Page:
Hydrogen is
the simplest atom (one proton and one electron), but is
still an extremely rich topic for study. The
wave-function aspect of quantum mechanics prevents the
electron from collapsing into an infinitesimally small
orbit with an infinite negative energy. In classical
physics, an attractive ~1/ ground
state. Solving the Schroedinger equation for an
electron in an attractive Coulomb potential provides the
ground state properties of the hydrogen atom.
Just to be
confusing, the subscript
= n1, not = n0.The
radius of an electron in the ground state of hydrogen is
called the Bohr radius, named after Niels Bohr, a famous
Danish physicists. He found the radius by asking the
question, "What circular orbit would have a momentum
such that the circumference of the orbit would be exactly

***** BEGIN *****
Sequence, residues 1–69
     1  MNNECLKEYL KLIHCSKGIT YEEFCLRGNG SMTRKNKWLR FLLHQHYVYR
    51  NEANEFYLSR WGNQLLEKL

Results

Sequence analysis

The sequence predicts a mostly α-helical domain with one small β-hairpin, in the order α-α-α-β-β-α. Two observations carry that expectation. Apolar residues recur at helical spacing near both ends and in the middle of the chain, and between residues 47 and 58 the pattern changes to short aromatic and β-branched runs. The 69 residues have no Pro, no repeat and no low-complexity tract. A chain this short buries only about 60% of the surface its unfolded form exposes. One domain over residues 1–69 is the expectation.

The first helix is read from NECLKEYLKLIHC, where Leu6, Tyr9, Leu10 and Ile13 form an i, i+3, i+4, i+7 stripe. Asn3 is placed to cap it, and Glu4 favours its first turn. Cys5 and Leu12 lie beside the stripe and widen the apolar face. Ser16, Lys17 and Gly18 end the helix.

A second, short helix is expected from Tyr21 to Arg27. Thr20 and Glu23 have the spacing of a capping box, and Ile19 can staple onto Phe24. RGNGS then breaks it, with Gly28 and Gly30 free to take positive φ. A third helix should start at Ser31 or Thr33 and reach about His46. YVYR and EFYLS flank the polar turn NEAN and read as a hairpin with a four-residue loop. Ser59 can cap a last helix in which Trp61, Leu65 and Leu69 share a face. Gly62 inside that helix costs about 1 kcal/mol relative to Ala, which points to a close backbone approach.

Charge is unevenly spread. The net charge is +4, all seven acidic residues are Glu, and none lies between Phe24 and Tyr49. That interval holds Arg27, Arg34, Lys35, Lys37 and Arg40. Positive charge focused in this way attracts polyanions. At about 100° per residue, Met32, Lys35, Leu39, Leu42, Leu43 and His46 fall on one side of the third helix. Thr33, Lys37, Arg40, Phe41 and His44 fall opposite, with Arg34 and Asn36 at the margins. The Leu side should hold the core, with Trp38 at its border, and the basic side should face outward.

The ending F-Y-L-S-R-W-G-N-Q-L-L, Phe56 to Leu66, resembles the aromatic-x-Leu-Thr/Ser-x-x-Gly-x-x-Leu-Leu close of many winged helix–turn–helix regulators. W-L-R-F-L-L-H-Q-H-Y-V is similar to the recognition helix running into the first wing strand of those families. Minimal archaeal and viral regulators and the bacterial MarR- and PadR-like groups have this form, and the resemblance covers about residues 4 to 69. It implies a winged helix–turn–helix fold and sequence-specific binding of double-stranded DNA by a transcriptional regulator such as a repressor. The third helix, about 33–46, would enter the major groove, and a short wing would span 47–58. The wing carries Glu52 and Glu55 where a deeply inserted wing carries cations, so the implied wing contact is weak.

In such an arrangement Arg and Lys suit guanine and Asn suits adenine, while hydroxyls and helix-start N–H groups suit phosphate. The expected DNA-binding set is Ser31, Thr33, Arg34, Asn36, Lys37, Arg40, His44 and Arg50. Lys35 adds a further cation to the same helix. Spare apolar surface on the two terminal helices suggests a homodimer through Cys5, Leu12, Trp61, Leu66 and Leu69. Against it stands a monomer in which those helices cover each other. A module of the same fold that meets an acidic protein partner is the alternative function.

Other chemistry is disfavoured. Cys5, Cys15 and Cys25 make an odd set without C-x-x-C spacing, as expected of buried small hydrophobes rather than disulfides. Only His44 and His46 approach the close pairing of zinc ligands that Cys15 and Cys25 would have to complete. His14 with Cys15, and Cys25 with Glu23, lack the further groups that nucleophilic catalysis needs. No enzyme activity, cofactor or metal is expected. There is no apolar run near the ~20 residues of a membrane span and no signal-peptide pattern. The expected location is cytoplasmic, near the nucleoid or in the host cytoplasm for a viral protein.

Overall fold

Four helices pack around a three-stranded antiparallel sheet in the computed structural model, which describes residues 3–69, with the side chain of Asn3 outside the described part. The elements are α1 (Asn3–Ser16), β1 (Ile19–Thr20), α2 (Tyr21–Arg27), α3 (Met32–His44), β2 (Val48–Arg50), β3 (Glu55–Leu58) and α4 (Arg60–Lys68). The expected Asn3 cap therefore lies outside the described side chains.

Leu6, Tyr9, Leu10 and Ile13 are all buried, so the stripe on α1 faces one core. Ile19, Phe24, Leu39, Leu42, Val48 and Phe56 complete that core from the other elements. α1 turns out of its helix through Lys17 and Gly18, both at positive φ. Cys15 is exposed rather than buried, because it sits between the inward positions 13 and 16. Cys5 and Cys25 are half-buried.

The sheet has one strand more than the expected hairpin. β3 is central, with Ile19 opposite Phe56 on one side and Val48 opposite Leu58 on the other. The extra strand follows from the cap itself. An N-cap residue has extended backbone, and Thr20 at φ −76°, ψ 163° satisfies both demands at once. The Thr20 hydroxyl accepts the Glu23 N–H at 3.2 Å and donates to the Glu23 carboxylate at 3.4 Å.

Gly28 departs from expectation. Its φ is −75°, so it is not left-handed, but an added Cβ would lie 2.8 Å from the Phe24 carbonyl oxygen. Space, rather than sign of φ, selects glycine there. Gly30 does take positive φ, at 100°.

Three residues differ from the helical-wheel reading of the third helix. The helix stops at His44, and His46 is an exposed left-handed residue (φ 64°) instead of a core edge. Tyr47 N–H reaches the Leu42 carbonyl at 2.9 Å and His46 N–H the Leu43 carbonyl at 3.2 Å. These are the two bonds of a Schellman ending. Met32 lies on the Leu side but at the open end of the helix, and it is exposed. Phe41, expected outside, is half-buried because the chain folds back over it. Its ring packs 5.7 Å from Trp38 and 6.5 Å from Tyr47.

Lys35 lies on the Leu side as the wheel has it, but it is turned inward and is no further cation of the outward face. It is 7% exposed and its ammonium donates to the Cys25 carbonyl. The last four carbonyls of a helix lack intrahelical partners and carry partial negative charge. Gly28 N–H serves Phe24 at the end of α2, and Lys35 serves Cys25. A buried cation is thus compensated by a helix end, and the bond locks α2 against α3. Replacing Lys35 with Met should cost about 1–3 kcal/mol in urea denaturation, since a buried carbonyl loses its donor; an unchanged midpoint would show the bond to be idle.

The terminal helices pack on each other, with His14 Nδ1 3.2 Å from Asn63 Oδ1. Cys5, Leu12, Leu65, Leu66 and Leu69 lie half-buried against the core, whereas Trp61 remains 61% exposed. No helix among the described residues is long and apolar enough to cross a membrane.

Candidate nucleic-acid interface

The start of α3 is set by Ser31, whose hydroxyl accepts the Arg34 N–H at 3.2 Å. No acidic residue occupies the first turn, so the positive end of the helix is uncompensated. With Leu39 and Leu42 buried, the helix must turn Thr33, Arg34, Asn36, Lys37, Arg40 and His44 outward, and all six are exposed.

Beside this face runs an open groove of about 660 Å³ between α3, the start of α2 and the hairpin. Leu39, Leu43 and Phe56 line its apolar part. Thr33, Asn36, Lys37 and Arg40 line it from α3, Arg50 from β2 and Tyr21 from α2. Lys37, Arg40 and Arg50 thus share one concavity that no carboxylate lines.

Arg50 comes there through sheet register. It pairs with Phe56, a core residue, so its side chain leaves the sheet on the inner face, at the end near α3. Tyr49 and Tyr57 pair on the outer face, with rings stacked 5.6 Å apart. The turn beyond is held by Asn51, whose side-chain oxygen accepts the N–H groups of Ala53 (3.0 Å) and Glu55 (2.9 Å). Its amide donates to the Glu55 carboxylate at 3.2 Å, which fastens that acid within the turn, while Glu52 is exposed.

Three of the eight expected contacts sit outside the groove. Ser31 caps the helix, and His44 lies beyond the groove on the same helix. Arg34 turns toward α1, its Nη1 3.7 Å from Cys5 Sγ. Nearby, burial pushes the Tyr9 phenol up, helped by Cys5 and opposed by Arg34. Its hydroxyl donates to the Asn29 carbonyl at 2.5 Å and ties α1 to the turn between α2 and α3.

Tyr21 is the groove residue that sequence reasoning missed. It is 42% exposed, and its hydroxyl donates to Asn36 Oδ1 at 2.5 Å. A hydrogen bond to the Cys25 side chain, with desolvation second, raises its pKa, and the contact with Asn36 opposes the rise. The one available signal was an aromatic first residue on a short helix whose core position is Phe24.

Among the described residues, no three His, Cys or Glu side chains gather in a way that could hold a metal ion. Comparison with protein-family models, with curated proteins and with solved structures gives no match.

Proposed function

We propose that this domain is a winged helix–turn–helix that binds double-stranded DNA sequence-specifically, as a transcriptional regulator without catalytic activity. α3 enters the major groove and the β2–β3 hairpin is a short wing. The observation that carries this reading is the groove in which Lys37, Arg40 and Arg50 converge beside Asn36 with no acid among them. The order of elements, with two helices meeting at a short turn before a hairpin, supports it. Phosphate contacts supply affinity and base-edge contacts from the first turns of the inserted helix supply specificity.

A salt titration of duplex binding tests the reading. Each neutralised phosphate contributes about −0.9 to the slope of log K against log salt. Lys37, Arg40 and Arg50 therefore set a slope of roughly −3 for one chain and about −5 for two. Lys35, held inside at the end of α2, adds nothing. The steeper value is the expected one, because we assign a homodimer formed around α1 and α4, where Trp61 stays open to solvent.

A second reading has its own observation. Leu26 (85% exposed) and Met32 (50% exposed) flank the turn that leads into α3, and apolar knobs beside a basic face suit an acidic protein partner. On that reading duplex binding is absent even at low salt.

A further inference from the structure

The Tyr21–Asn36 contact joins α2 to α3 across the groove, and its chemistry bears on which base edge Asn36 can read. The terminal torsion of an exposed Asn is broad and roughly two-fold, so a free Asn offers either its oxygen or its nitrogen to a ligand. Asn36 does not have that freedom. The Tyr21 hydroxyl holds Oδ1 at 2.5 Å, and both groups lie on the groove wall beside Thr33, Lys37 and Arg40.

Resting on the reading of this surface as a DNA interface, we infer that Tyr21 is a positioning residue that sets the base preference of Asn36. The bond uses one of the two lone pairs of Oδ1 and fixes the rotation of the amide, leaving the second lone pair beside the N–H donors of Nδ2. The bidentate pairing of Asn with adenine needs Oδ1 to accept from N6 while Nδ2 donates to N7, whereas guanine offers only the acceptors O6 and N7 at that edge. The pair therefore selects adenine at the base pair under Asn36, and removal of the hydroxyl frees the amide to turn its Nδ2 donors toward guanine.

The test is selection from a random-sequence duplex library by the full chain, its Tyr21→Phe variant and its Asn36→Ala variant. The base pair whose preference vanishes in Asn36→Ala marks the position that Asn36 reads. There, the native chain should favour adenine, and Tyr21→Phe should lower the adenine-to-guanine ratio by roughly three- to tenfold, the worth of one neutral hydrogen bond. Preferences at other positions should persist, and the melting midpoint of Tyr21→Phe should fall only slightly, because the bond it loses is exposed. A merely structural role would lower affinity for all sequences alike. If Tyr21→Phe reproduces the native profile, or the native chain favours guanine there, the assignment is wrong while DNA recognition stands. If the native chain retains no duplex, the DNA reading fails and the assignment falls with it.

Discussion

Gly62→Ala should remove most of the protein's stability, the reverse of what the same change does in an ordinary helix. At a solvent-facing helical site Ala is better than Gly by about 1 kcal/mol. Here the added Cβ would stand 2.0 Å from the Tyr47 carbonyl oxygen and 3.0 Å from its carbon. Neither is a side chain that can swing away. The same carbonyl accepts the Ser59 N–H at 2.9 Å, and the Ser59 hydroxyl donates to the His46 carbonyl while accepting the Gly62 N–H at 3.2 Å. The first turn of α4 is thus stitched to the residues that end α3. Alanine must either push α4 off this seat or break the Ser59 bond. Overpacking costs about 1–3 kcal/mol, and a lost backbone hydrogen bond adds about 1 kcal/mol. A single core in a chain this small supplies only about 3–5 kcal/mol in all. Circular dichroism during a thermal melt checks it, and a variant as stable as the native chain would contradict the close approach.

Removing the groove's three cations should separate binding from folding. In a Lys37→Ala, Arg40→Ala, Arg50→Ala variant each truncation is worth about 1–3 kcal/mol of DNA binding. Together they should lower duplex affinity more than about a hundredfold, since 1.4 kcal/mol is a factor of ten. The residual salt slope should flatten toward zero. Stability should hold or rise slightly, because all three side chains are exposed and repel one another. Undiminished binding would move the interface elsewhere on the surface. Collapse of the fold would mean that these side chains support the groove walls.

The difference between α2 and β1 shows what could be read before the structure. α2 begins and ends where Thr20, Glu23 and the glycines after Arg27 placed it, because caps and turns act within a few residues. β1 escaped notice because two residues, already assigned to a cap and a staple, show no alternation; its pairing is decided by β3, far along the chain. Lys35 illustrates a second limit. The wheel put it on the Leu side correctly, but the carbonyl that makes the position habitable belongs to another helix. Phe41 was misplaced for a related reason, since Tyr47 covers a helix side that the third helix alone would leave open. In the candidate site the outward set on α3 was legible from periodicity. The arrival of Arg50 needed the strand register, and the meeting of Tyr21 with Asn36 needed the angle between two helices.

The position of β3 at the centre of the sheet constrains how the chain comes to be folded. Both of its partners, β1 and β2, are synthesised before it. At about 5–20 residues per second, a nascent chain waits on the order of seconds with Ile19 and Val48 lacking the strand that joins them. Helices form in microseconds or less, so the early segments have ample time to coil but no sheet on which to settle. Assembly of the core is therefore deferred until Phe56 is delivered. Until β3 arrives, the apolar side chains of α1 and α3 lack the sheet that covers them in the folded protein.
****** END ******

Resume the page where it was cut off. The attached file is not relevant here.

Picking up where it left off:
one DeBroglie wavelength?" To see the derivation,
follow this
link.When electrons make a jump from one
Rydberg's constant. As
an exercise, students can solve for
in terms of fundamental constants. The beginning level is
denoted by R and the final
level is denoted by m. For n
= 1n, the various
wavelengths ( = 2,3,4...) are
known as the mLyman series. The Balmer
series is the series where =
2 and the Paschen series is for n=
3n . The values of the wavelengths are often
called spectral lines because of the
lines that appear in diffraction experiments. For a hot
hydrogen source, where the atoms are excited thermally
and then deexcite via the emission of photons, the Balmer
series is in the visible range. |